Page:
The $$Y^m_l$$ are eigenfunctions of $$L^2$$ and $$\Theta$$, but $$\theta Y^m_l$$ is an eigenfunction of $$\Theta$$ but not $$L^2$$, in general, so $$[L^2,\Theta]\neq 0$$. This is because θ is both an eigenvalue and a variable, so on the $$Y^m_l$$ basis where $$L^2$$ is represented by the above double gradient, $$[L^2,\theta] Y^m_l= L^2 (\theta Y^m_l) - \theta \hbar^2 l(l+1) Y^m_l\neq 0.$$

To bypass unfamiliar features of this formalism, you may revert to the harmonic oscillator, with rationalized unit hamiltonian H, quadratic, $$2H= P^2+X^2$$, so that $$[H,X]\neq 0$$. Now, the Hermite functions $$\psi_n(x)=\langle x|\psi_n\rangle$$ are eigenfunctions of the Hamiltonian, $$H\psi_n(x)= E_n \psi_n(x)$$, and, of course, X. But the functions $$X\psi_n(x)=x\psi_n(x)$$ are not eigenfunctions of the Hamiltonian, anymore, and so $$\tfrac{1}{2} [-\hbar^2\partial_x^2 + x^2,x] \psi_n(x) =-\hbar^2\partial_x \psi_n(x) \neq 0~.$$ You see then that the set of all functions of x, all eigenfunctions of X, is much larger than the set of eigenfunctions of H, and the two operators fail to commute.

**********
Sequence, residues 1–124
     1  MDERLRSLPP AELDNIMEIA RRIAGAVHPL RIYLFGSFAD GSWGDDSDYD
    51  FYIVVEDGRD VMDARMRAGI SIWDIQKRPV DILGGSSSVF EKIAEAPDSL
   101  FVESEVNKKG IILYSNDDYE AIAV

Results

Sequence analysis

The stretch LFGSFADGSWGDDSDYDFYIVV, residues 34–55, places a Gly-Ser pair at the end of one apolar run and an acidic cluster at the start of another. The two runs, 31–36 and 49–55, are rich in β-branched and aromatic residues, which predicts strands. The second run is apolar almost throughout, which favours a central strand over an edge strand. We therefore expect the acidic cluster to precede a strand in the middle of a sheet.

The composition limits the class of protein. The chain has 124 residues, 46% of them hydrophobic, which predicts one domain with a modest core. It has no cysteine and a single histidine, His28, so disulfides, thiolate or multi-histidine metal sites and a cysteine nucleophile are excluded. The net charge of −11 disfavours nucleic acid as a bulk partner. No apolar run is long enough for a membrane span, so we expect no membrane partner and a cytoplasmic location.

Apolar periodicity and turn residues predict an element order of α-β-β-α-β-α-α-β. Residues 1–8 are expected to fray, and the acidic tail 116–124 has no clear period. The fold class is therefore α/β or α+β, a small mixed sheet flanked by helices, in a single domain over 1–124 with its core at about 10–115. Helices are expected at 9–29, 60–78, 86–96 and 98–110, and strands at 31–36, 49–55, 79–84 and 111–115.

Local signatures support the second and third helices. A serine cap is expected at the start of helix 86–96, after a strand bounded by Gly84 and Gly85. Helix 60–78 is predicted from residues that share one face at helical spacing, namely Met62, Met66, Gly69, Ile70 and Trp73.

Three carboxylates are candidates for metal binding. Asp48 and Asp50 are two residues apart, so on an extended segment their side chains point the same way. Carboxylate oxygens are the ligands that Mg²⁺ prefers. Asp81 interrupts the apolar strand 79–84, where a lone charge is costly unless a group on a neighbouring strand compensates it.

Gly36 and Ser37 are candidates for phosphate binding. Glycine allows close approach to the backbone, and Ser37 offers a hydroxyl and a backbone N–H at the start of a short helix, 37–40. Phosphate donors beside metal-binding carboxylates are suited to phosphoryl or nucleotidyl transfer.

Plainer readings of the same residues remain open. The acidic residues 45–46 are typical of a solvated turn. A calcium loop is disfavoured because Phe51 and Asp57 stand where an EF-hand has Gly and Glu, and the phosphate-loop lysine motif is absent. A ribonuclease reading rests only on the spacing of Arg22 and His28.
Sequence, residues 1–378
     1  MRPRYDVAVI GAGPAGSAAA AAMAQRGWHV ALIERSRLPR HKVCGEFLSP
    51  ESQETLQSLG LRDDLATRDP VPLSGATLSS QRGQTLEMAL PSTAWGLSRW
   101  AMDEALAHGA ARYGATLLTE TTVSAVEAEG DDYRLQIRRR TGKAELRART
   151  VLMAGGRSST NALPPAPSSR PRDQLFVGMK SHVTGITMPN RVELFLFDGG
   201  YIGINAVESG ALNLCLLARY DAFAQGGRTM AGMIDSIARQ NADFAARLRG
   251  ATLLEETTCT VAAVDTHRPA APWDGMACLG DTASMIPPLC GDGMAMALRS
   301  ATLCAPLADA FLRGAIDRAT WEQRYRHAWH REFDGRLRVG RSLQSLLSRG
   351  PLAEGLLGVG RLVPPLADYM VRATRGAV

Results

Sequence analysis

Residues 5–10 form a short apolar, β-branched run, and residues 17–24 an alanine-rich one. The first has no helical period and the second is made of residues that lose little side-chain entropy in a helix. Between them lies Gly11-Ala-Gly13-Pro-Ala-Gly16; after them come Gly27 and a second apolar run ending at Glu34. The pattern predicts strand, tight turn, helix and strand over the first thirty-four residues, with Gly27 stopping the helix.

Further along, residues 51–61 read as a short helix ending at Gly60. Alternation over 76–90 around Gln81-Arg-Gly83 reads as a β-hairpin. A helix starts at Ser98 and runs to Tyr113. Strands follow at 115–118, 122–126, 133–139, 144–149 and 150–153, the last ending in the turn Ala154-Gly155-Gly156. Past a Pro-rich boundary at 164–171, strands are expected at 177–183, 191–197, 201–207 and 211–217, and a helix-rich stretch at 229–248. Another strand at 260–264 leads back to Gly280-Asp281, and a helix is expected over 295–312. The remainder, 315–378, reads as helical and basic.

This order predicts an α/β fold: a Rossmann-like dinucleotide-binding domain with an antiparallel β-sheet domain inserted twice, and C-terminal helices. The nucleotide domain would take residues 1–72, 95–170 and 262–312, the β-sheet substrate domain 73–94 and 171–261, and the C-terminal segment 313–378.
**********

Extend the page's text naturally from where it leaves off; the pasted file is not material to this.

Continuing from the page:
• Correct me if I am wrong but it seems that you are suggesting that spherical harmonics ($Y^m_l$) are simultaneous eigenfunctions of both $L^2$ and $\Theta$ operators. This would mean that the two commute. Feb 14, 2021 at 9:20
• Absolutely not. You convolved the argument. $\theta Y^m_l$ is an eigenfunction of $\Theta$ but not $L^2$! To see this recall $\hat x$ and the oscillator Hamiltonian, $\hat p^2+ \hat x^2$ with which it does not commute. The Hermite functions are simultaneous eigenfunctions of both, but $x\psi_n(x)$ is not an energy eigenstate, a Hamiltonian eigenfunction! Evaluate the commutator of the differential operator $L^2$ provided with the angel $\theta$. Feb 14, 2021 at 12:46
• I get the argument but then in what sense is the eigen value problem solved? For I assumed that $\theta$ in $\theta Y^m_l$ is a number eigenvalue like l or m not an argument or variable. Feb 14, 2021 at 14:06
• θ is a continuous variable eigenvalue, not a dumb number commuting with absolutely everything. Think of it as x , the coordinate eigenvalue of $\hat x$. Feb 15, 2021 at 16:30
• @alexarvanitakis Yes, most answerers chose to hyperfocus on something abstract beyond the OP's range, I strongly believe. Of course there are no self-adjoint operators, duh!, but that is exactly why one never writes such operators, and uses spherical harmonics instead, as though there were such! It should be evident the OP wishes to calculate expectation values by connecting the wave function coordinate representation to the formal ket representation, and that is where he actually snags. Abstraction is the enemy of insight here: first, learn how to calculate. Feb 17, 2021 at 15:36